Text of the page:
Expression and Localization of ABCA4 Disease Variants in Culture Cells
The distribution of the 11 missense mutations found in our STGD1 patient cohort within the current topological model for ABCA429,46 is presented in Figure 2. Four missense mutations were found within the exocytoplasmic domain 1, three in or NBD1, three in NBD2, and one mutation within transmembrane segment 11 of transmembrane domain 2. 
Figure 2
 
Topological model of ABCA446 showing the location of missense mutations associated with Stargardt disease examined in this study. Amino acids are shown as single letters, where G is Gly; R, Arg; M, Met; K, Lys; L, Leu; P, Pro; V, Val; I, Ile; A, Ala; E, Glu; F, Phe; W, Trp; and T, Thr. ABCA4 is organized into two nonequivalent tandem halves with each half consisting of an exocytoplasmic domain (ECD), nucleotide binding domain (NBD), and a transmembrane domain (TMD) with six transmembrane segments. The transport substrate N-Ret-PE is shown within the TMDs with transport from the exocytoplasmic (Lumen) to the cytoplasmic leaflet of the disc membrane.
Figure 2
 
Topological model of ABCA446 showing the location of missense mutations associated with Stargardt disease examined in this study. Amino acids are shown as single letters, where G is Gly; R, Arg; M, Met; K, Lys; L, Leu; P, Pro; V, Val; I, Ile; A, Ala; E, Glu; F, Phe; W, Trp; and T, Thr. ABCA4 is organized into two nonequivalent tandem halves with each half consisting of an exocytoplasmic domain (ECD), nucleotide binding domain (NBD), and a transmembrane domain (TMD) with six transmembrane segments. The transport substrate N-Ret-PE is shown within the TMDs with transport from the exocytoplasmic (Lumen) to the cytoplasmic leaflet of the disc membrane.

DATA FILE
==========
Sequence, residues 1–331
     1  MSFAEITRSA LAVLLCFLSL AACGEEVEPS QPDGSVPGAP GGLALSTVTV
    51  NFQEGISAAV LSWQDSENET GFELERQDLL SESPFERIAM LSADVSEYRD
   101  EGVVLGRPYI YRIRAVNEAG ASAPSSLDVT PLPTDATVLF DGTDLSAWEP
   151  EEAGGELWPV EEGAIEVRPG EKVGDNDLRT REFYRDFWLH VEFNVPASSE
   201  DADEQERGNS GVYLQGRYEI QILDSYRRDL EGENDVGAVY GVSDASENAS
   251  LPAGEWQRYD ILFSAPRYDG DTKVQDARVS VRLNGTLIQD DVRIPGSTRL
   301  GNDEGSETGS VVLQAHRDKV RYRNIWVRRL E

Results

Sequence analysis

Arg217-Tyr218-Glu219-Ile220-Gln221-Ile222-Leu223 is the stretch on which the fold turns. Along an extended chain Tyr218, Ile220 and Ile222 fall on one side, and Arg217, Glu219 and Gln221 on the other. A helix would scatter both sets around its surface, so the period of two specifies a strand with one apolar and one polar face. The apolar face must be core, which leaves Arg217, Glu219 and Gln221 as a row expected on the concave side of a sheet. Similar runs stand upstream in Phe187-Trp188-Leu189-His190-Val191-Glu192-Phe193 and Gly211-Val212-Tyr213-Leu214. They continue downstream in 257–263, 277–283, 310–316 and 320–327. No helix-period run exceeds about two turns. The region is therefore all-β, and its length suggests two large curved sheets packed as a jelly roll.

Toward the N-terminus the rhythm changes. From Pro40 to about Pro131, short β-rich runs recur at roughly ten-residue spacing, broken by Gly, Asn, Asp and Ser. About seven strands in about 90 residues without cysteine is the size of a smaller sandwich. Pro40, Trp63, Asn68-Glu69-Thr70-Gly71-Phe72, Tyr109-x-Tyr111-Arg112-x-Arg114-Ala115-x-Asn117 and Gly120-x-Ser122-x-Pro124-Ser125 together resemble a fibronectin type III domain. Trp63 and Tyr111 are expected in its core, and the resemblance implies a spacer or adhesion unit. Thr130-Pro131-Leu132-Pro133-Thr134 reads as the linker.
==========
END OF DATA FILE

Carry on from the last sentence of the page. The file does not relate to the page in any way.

To determine the effect of disease-causing mutations on ABCA4, we first investigated the level of expression and cellular distribution of the 11 variants and wild-type (WT) ABCA4 transiently expressed in mammalian culture cells. This was carried out by comparing the solubility of the proteins in CHAPS relative to SDS and visualizing the subcellular localization of these mutants in transfected cells by immunofluorescence microscopy. 
CHAPS is a mild detergent widely used to solubilize and purify membrane proteins in a native-like state for functional characterization.21,41 Denatured proteins typically aggregate in CHAPS and can be effectively removed by high-speed centrifugation. In contrast, SDS is a strong detergent that solubilizes both native and denatured proteins. It can be used to determine total expression of proteins (e.g., both native and denatured protein). The degree of detergent solubilization of the ABCA4 mutants by CHAPS and SDS is shown in Western blots in Figure 3A and quantified in Figure 3B. All variants expressed at similar levels as determined by solubilization with SDS. In CHAPS detergent, however, five variants (p.Gly72Arg, p.Met448Lys, p.Leu541Pro, p.Val552Ile, and p.Gly1961Glu) solubilized at levels broadly similar to WT ABCA4; two mutants (p.Ala1038Val and p.Gly1091Glu) solubilized at 70% WT level, and the remaining four mutants (p.Ala1357Thr, p.Ala1794Pro, p.Leu2027Phe, and p.Arg2077Trp) solubilized at or below 50% of the WT level as shown in Figure 3B.